# Finding a series representation for pi

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## IntroductionEdit

We should note that arctan(1) = π/4. It is the main idea of the proof. We will find a Taylor series representation for the inverse tangent and the proof will be complete.

## Finding the series representationEdit

Observe these:

$\displaystyle \arctan^{(0)}(0)=0$

$\displaystyle \arctan^{(1)}(0) = 1$

$\displaystyle \arctan^{(2)}(0) = 0$

$\displaystyle \arctan^{(3)}(0) = -2$

From simple observation or mathematical induction, we obtain that the nth derivative is zero if n is even, and it is this when n is odd:

$\arctan^{(n)}(0) = (-1)^{\frac{n-1}{2}}(n-1)!$

So we can strike out the even derivative terms from the Taylor series. Doing that, we obtain the following series for arctan:

$\sum_{k=0}^{\infty}(-1)^{k}\frac{(2k)!}{(2k+1)!}x^{2k+1}=\sum_{k=0}^{\infty}(-1)^{k}\frac{x^{2k+1}}{2k+1}$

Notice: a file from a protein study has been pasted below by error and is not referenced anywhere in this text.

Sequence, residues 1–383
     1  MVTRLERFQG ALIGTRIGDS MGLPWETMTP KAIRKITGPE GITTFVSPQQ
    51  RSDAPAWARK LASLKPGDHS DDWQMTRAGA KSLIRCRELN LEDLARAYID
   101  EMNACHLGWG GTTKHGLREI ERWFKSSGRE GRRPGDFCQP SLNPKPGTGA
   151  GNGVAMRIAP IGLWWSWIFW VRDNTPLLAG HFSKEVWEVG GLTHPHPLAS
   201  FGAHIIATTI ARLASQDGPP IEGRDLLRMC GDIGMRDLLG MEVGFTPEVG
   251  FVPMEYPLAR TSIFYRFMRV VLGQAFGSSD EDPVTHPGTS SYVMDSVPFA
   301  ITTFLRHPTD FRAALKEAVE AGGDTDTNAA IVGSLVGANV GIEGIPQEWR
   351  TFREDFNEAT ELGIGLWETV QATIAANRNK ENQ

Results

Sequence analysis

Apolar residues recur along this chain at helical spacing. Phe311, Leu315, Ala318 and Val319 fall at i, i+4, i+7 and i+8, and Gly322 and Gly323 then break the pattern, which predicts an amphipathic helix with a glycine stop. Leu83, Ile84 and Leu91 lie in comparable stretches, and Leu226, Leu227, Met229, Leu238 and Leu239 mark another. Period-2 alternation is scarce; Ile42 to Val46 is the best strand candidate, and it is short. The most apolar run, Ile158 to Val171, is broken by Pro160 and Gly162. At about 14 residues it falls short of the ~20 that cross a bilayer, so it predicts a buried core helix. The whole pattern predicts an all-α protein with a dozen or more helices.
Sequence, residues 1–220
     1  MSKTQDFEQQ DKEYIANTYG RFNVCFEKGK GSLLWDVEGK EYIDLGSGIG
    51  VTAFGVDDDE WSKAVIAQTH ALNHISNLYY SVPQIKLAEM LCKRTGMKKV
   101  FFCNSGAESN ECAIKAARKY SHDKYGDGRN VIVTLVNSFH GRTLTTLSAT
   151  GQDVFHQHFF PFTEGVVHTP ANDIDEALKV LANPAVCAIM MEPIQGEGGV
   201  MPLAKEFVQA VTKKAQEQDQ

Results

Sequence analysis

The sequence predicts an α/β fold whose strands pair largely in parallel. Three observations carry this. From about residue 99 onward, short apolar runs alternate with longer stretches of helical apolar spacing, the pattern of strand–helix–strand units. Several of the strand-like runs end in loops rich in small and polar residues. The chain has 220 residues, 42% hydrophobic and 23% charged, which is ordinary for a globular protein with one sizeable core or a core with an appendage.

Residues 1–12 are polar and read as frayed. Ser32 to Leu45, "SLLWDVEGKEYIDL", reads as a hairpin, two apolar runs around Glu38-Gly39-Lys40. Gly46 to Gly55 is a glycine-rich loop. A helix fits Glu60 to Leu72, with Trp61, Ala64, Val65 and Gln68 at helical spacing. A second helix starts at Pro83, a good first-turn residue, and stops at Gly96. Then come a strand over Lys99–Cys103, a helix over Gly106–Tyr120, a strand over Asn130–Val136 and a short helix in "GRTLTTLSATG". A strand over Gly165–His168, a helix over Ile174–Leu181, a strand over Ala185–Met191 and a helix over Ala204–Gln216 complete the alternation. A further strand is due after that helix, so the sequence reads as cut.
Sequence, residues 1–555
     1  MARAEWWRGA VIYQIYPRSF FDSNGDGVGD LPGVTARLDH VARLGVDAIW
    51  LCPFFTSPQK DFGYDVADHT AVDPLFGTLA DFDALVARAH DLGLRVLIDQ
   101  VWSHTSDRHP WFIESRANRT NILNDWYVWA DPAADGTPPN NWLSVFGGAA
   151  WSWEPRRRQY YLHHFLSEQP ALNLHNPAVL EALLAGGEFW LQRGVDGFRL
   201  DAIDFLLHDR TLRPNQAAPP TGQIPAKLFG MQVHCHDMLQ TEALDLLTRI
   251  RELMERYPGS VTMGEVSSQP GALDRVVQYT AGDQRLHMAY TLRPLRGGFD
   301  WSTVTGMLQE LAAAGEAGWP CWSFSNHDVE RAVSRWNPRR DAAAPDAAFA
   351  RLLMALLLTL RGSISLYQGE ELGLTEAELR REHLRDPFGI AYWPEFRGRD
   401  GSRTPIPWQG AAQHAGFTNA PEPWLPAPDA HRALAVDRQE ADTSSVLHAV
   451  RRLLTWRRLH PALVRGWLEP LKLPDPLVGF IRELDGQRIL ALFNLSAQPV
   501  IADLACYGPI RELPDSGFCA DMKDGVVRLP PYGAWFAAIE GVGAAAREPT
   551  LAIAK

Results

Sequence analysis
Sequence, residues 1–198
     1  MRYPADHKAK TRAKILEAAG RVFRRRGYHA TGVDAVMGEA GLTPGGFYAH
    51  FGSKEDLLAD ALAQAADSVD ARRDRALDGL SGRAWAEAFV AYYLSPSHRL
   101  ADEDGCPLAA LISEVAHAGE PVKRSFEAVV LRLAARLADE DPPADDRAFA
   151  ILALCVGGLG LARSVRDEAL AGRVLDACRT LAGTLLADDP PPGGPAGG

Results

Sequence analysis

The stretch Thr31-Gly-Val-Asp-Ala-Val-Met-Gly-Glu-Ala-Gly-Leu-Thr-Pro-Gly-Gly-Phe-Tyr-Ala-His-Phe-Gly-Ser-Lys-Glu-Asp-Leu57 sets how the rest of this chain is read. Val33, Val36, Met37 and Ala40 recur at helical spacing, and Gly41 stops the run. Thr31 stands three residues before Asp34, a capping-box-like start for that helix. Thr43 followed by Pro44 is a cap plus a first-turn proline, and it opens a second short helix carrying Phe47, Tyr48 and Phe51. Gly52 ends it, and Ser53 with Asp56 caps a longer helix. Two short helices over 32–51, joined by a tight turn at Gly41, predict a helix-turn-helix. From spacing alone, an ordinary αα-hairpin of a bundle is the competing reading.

Evaluation at x=1 yields

$\frac{\pi}{4} = \sum_{k=0}^{\infty}\frac{(-1)^{k}}{2k+1}$

Hence, it immediately follows that

$\pi = 4\sum_{k=0}^{\infty}\frac{(-1)^{k}}{2k+1} = 4\left(\frac{1}{1}-\frac{1}{3}+\frac{1}{5}-\frac{1}{7}+\frac{1}{9}...\right)$

Proof complete.

## Product representation for piEdit

From the Basel problem, it follows that the infinite product representation Euler found for sin(x)/x is, in fact, true; despite it relying on the factoring of an infinite polynomial. This formula is

$\prod_{n=1}^{\infty}1-\frac{x^2}{n^2\pi^2}$

Since sin(π/2) is equal to 1, it immediately follows that

$\prod_{n=1}^{\infty}1-\frac{1}{(2n)^2}=\frac{\sin(\pi/2)}{\pi/2}=\frac{2}{\pi}$

From here, with a bit of rearranging, we obtain

$\prod_{n=1}^{\infty}\frac{(2n)^2-1}{(2n)^2}=\frac{2}{\pi}$

$\prod_{n=1}^{\infty}\frac{(2n)^2}{(2n)^2-1}=\prod_{n=1}^{\infty}\frac{(2n)(2n)}{(2n-1)(2n+1)}=\frac{\pi}{2}$

which gives, when expanded,

$\displaystyle \frac{\pi}{2}=\frac{2 \cdot 2}{1 \cdot 3}\cdot\frac{4 \cdot 4}{3 \cdot 5}\cdot\frac{6 \cdot 6}{5 \cdot 7}\cdot\frac{8 \cdot 8}{7 \cdot 9}...$

## Other representationsEdit

Pi is also equal to the values of some definite integrals:

$\pi=\int_{0}^{1}\frac{4}{1+x^{2}}dx$

$\pi=\int_{1}^{-1}\frac{1}{x^{2}-1}dx$

$\sqrt{\pi}=\Gamma(1/2)=\int_{0}^{\infty}t^{-1/2}e^{-t}dt$

Also this holds:

$\pi=\sqrt{6\zeta(2)}$

The first two can be verified via integration, the third one follows from the Weierstrass product for the Gamma function and the fourth one is the result of the Basel problem.